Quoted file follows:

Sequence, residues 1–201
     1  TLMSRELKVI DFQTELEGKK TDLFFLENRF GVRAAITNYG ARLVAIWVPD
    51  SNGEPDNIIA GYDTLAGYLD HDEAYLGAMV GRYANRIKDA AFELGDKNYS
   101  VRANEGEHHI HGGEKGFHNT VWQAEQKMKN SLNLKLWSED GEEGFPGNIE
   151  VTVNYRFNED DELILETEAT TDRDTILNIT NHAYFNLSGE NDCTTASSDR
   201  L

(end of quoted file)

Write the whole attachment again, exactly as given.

Sequence, residues 1–201
     1  TLMSRELKVI DFQTELEGKK TDLFFLENRF GVRAAITNYG ARLVAIWVPD
    51  SNGEPDNIIA GYDTLAGYLD HDEAYLGAMV GRYANRIKDA AFELGDKNYS
   101  VRANEGEHHI HGGEKGFHNT VWQAEQKMKN SLNLKLWSED GEEGFPGNIE
   151  VTVNYRFNED DELILETEAT TDRDTILNIT NHAYFNLSGE NDCTTASSDR
   201  L